Kimberly Lewis v. Noble Drilling Services, Inc., et al
ORDER AND REASONS - The Plaintiffs 28 motion for reconsideration is GRANTED and the Defendants 33 cross-motion for reconsideration is DENIED. Signed by Judge Susie Morgan. (bwn)
UNITED STATES DISTRICT COURT
EASTERN DISTRICT OF LOUISIANA
NOBLE DRILLING SERVICES,
INC. AND NOBLE SERVICES
SECTION “E” (4)
ORDER AND REASONS
Before the Court is Plaintiff’s Motion for Reconsideration 1 and Defendants’ Cross
Motion for Reconsideration. 2 The Court has reviewed the briefs, 3 the record, and the
applicable law, and now issues this order and reasons.
On July 19, 2016, the Court granted Defendants’ motion to dismiss Plaintiff’s
claims for nonpecuniary damages 4 pursuant to Rule 12(b)(6) of the Federal Rules of Civil
Procedure. 5 After finding that the Death on the High Seas Act (“DOHSA”) does not apply,
the Court held that nonpecuniary damages, including damages for the pre-death pain and
suffering of Palmer Lewis, are not recoverable under the Jones Act and the general
In the Plaintiff’s motion, she asks the Court to reconsider its ruling that
nonpecuniary damages for Mr. Lewis’ pre-death pain and suffering are not recoverable
under the Jones Act. In the Defendants’ cross motion, they ask the Court to reconsider its
ruling that DOHSA does not apply to this claim.
R. Doc. 28.
R. Doc. 33.
3 R. Docs. 28-1 and 33-1.
4 R. doc. 17.
5 R. Doc. 27.
A motion for reconsideration pursuant to Rule 59(e) of the Federal Rules of Civil
Procedure “must clearly establish either a manifest error of law or fact or must present
newly discovered evidence and cannot be used to raise arguments which could, and
should, have been made before the judgment issued.” 6 A motion for reconsideration,
however, “is ‘not the proper vehicle for rehashing evidence, legal theories, or arguments
that could have been offered or raised before the entry of [the order].’” 7 “The Court is
mindful that ‘[r]econsideration of a judgment after its entry is an extraordinary remedy
that should be used sparingly.’” 8 “When there exists no independent reason for
reconsideration other than mere disagreement with a prior order, reconsideration is a
waste of judicial time and resources and should not be granted.” 9
In deciding motions under the Rule 59(e) standards, the courts in this district have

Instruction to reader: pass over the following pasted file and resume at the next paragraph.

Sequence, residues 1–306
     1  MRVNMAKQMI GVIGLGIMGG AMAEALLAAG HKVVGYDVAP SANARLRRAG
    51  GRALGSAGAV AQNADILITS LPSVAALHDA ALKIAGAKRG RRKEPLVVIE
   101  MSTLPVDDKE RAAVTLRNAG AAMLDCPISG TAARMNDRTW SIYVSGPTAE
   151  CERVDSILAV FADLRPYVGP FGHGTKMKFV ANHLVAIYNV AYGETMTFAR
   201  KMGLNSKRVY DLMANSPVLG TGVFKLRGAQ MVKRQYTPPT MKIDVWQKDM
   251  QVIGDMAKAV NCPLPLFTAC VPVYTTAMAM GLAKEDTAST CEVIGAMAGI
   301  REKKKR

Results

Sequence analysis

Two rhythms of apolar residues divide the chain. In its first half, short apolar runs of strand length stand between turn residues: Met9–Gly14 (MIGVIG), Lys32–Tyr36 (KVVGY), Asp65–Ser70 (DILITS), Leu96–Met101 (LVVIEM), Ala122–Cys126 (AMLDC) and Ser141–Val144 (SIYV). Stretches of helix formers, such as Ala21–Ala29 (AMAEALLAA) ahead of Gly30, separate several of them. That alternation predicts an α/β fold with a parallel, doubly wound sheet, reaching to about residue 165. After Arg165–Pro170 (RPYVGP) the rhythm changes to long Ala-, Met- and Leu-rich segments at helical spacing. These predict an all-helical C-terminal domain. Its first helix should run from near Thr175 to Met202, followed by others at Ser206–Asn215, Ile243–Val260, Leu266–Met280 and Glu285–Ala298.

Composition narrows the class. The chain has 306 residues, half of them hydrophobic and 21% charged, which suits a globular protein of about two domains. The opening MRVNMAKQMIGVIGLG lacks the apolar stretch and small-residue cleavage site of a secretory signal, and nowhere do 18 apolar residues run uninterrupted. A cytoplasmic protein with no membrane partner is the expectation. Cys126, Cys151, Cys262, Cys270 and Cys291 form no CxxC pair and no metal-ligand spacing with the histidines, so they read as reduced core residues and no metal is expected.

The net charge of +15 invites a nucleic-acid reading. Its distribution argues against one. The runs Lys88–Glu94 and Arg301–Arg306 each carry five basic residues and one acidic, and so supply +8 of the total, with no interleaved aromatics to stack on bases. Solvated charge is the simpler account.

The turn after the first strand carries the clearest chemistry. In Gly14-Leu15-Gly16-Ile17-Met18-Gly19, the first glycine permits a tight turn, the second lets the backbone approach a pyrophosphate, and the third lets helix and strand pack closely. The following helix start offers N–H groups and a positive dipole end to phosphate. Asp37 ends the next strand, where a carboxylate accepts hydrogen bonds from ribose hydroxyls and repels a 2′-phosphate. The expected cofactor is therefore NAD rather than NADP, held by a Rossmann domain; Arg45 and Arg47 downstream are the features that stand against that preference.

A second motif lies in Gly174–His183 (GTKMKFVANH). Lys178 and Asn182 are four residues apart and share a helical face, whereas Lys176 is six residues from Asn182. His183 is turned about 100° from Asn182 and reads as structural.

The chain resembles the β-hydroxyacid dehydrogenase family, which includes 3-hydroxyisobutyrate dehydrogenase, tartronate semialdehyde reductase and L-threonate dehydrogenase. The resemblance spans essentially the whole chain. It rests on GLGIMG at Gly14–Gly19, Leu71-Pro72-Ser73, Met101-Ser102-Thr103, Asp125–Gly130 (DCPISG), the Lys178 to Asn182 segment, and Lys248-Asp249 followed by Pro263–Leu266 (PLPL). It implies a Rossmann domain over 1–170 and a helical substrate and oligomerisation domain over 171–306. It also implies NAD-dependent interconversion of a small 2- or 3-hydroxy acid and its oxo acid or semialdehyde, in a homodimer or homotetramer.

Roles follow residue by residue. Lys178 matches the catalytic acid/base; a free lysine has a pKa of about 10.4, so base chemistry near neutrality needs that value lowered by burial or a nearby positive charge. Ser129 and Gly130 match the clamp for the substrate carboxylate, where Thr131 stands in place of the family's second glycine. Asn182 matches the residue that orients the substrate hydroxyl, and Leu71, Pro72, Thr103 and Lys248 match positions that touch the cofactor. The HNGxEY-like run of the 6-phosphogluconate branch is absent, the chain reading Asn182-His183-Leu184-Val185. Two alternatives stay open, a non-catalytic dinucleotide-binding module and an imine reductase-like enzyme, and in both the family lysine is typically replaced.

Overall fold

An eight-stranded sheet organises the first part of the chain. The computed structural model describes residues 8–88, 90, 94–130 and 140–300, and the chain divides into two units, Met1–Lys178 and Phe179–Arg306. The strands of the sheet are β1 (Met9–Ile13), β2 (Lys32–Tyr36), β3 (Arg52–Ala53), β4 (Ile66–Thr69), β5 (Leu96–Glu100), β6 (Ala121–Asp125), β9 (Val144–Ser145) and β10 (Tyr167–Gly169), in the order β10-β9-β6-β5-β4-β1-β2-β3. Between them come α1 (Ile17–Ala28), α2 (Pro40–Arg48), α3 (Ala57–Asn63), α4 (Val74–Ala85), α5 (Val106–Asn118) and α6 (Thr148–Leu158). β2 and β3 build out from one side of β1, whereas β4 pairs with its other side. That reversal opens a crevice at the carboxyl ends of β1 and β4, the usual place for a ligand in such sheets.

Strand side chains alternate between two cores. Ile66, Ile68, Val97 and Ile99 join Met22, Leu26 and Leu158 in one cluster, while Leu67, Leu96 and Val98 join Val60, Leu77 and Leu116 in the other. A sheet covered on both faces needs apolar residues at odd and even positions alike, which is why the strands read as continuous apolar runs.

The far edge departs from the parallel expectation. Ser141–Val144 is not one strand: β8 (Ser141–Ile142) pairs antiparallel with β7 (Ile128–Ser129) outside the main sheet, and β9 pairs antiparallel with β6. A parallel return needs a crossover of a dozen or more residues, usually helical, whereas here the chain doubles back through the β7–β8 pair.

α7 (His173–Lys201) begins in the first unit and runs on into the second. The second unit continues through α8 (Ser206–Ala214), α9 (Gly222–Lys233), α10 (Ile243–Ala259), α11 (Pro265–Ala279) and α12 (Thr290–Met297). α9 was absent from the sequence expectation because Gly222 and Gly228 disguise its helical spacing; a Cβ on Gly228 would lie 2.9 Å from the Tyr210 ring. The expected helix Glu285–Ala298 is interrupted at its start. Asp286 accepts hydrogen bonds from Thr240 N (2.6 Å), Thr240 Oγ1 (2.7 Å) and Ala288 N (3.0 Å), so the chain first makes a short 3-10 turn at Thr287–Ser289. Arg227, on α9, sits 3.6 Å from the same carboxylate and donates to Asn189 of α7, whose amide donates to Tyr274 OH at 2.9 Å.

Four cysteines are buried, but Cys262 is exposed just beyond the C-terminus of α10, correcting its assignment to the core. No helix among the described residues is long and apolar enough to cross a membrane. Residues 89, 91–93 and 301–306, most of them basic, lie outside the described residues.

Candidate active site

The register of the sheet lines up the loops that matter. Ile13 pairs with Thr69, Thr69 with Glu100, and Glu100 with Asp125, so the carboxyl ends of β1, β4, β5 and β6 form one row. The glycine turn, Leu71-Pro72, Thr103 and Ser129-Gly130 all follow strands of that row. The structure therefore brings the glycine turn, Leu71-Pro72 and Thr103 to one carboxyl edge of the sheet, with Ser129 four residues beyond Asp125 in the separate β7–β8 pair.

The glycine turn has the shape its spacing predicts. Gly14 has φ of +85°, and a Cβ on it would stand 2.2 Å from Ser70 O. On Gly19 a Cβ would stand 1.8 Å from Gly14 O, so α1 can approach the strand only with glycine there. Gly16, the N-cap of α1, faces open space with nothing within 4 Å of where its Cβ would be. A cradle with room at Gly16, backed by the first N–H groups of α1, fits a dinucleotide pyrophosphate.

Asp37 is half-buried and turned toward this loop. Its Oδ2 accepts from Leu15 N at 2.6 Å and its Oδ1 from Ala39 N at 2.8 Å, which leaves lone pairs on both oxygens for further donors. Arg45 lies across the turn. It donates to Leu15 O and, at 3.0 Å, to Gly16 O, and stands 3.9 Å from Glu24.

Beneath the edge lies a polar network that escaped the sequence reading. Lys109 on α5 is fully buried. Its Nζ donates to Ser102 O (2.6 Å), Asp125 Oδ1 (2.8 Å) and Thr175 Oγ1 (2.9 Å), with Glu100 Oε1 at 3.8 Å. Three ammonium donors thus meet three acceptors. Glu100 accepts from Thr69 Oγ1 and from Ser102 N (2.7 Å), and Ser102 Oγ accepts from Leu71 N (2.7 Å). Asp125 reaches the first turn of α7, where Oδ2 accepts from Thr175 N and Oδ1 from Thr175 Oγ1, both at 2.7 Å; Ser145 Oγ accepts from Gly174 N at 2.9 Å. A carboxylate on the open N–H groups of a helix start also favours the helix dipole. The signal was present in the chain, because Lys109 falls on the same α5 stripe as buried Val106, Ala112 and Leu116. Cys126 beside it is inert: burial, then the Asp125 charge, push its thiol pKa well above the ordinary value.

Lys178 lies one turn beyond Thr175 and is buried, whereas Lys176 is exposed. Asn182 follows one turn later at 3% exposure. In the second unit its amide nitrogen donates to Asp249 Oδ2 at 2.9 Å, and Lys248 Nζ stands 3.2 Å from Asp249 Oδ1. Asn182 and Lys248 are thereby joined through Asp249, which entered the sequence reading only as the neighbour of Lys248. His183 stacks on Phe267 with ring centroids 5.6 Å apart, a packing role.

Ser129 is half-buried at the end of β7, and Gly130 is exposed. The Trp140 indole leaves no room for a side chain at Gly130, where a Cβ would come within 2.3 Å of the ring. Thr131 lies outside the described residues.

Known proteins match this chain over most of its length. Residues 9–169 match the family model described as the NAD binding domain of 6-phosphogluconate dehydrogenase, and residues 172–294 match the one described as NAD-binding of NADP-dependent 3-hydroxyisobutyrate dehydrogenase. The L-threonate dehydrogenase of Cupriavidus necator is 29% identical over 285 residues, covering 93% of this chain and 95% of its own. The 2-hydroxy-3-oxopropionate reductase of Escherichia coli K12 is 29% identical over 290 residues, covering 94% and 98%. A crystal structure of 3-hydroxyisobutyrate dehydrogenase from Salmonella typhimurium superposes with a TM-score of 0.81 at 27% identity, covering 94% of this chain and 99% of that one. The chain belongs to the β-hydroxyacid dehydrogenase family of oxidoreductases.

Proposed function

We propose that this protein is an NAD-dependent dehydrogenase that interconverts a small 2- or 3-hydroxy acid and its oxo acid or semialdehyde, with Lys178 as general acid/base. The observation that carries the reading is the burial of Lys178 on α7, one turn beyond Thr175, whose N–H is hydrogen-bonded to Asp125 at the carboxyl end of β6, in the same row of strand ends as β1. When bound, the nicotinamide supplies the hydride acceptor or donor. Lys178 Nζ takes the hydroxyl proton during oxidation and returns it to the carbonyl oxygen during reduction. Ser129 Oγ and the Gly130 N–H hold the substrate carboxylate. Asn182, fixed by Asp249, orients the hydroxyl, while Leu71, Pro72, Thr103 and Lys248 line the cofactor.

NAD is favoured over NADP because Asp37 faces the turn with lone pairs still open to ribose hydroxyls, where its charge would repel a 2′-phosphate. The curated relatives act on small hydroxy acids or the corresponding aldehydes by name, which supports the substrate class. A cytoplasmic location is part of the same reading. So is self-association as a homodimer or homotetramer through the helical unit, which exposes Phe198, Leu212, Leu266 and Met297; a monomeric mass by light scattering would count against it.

considered the following factors:
(1) whether the movant demonstrates the motion is necessary to correct
manifest errors of law or fact upon which the judgment is based;
(2) whether the movant presents new evidence;
(3) whether the motion is necessary in order to prevent manifest injustice;
(4) whether the motion is justified by an intervening change in the
controlling law. 10
In support of their motion for reconsideration, the Defendants rely on arguments
6 Schiller v. Physicians Resource Group Inc., 342 F.3d 563, 567 (5th Cir.2003) (citations omitted) (internal
quotation marks omitted).
7 Lacoste v. Pilgrim Int’l, 2009 WL 1565940, at *8 (E.D. La. June 3, 2009) (Vance, J.) (quoting Templet v.
HydroChem Inc., 367 F.3d 473, 478–79 (5th Cir. 2004)).
8 Castrillo, 2010 WL 1424398, at *4 (alteration in original) (quoting Templet, 367 F.3d at 479).
9 Lightfoot v. Hartford Fire Ins. Co., No. 07-4833, 2012 WL 711842, at *3 (E.D. La. Mar. 5, 2012) (Brown,
10 Castrillo, 2010 WL 1424398, at *4. The Court notes that the time limits of Rule 59 do not apply in this
matter because the order appealed is interlocutory. Rules 59 and 60 set forth deadlines for seeking
reconsideration of final judgments. See Carter v. Farmers Rice Milling Co., Inc., 33 F. App’x 704 (5th Cir.
2002); Lightfoot, 2012 WL 711842, at *2.
made by the Plaintiff in her memorandum in support of her motion for reconsideration,
which they say contains a new interpretation of the allegations in the Complaint. 11 When
deciding the motion to dismiss, the Court correctly considered only the allegations of the
complaint and found that DOHSA did not apply. 12 The Court cannot consider the
arguments of counsel for Plaintiff in deciding a motion to dismiss. The Defendants have
not established any of the circumstances under which reconsider is warranted and their
motion for reconsideration is denied.
The Plaintiff argues that reconsideration of the Court’s order is necessary to correct
a manifest error of law and to prevent manifest injustice because pre-death pain and
suffering are recoverable under the Jones Act. 13 The Court agrees with the Plaintiff to the
extent that she argues pre-death pain and suffering are recoverable under the Jones Act
in the Fifth Circuit. 14 Plaintiff’s motion for reconsideration is granted and Defendants’
motion to dismiss 15 is denied insofar as it sought dismissal of Plaintiff’s claim for the predeath pain and suffering of Mr. Lewis.
Accordingly, the Plaintiff’s motion for reconsideration is GRANTED and the
Defendants’ cross-motion for reconsideration is DENIED.
New Orleans, Louisiana, this 20th day of September, 2016.
UNITED STATES DISTRICT JUDGE
R. Doc. 33-1 at 2.
R. Doc. 27 at 5.
13 R. Doc. 28-1 at 2.
14 De Centeno v. Gulf Fleet Crews, Inc., 798 F.2d 138,141 (5th Cir. 1986).
15 R. Doc. 17.
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